Alan Gaby, MD
“I also recommend it (CoQ10) for patients on cholesterol-lowering medications. The HMG-CoA reductase inhibitors that block production of cholesterol in the liver also block the body’s natural production of CoQ10. Adverse effects include myopathy, muscle weakness and tiredness. When a patient has one of these medications prescribed, we also suggest he supplement his diet with CoQ10.”
John J. Herr, RPh, Pharmacist
“In one case, I went to see a newborn diagnosed with cardiomyopathy. I asked the attending doctor if he tried coenzyme Q10 or carnitine. He said that he had read about their effects but would not use either. With the family’s permission, I treated the baby with these supplements…The baby recovered without the heart transplant surgery that was being recommended by the university medical center.”
Gary Gordon, MD, DO
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|FAQs about Coenzyme Q10|
Coenzyme Q10 is called ubiquinone because it is ubiquitous, meaning “everywhere present”. CoQ10 is found in every living cell. Without CoQ10 in optimum amounts, we would suffer from various maladies. CoQ10 is a vital co-factor for supporting health—especially within the heart and cardiovascular system. Research indicates that ten times more CoQ10 is found in the heart than in any other part of the body, making the heart especially vulnerable to CoQ10 deficiencies.
Technically, CoQ10 is referred to as “vitamin-like” substance or a “co-factor” because it is produced naturally by the body. However, some experts consider it as a vitamin, an essential nutrient needed by all the cells in the body to sustain life.
Why do we need CoQ10 supplementation?
CoQ10 is produced naturally by the body. Its biosynthesis is a complex process that requires the amino acid tyrosine (derived from proteins) and numerous vitamins and trace minerals. A deficiency in any of these nutrients might impair the body’s ability to produce CoQ10.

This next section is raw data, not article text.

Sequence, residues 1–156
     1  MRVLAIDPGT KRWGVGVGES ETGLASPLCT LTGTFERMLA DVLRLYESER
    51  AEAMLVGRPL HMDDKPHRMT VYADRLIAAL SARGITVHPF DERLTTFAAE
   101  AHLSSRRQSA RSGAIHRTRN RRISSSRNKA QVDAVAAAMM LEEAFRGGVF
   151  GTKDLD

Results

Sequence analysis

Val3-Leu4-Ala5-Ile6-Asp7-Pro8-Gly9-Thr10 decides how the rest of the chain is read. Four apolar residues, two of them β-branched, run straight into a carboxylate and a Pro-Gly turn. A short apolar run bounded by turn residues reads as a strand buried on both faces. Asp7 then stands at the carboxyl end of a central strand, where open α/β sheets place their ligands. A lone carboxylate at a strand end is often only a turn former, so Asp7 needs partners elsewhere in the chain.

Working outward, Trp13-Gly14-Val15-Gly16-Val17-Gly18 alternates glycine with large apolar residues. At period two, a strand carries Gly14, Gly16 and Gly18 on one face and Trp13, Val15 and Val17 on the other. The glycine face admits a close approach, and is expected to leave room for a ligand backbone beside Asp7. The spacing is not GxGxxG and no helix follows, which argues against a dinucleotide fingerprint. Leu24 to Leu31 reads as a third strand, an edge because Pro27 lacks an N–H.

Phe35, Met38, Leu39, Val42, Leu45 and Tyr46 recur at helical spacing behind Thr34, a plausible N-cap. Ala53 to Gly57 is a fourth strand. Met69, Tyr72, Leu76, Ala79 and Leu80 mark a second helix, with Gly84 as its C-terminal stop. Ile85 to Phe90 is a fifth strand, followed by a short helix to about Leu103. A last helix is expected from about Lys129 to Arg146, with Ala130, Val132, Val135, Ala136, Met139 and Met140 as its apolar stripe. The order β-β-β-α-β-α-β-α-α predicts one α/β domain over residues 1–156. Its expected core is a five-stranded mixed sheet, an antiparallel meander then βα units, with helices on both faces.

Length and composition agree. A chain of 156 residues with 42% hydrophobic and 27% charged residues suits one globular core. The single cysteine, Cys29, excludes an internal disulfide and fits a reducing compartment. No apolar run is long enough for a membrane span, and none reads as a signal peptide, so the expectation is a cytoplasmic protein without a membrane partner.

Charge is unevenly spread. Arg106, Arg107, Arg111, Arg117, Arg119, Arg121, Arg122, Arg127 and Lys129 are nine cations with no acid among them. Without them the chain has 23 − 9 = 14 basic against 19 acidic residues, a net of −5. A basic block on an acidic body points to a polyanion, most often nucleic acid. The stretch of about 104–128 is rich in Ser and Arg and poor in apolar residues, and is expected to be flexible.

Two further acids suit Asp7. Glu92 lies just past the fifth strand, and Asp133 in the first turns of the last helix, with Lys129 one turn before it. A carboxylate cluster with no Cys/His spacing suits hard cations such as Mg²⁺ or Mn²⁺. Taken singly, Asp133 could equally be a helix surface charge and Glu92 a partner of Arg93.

While CoQ10 is found in some foods, mostly seafood and organ meats, the average diet provides less than 10 mg per day. Aging, environmental stress, a diet deficient in specific nutrients, certain cholesterol-lowering and psychotropic drugs, chronic high intensity exercise and other lifestyle factors reduce the levels of CoQ10 in the body.
What are the uses of CoQ10?
CoQ10 supplementation has been used as a preventive and therapeutic agent for heart disease, cancer, periodontal disease, neurodegenerative diseases, such as Alzheimer’s disease, Huntington’s disease, and in certain rare disorders such as MELAS syndrome, Friedricks Ataxia.
Why isn’t CoQ10 more popular in America?
Although Coenzyme Q10 is widely used in Japan, Europe and Israel, it is virtually ignored by the majority of cardiologists and practitioners of conventional medicine in the U.S. As Peter Langsjoen, MD and cardiologist said, “So, if CoQ10 is so good, why don’t more doctors use it? The answer to this question lies in the fields of politics and marketing, and not in the fields of science or medicine.”
The negative bias that exists in some circles against Coenzyme Q10 is attributed to several factors. The inherent bias of some cardiologists against natural medicine causes their distrust in the validity of any natural product, including CoQ10. Since CoQ10 cannot be patented and is regulated as a dietary supplement, there is little economic incentive for pharmaceutical companies to develop it as a drug and carry out large controlled studies. Additionally the poor bio availability of CoQ10 when administered orally has often discouraged clinicians. The development of the newer hydro soluble version of CoQ10 has opened up a whole new opportunity for research.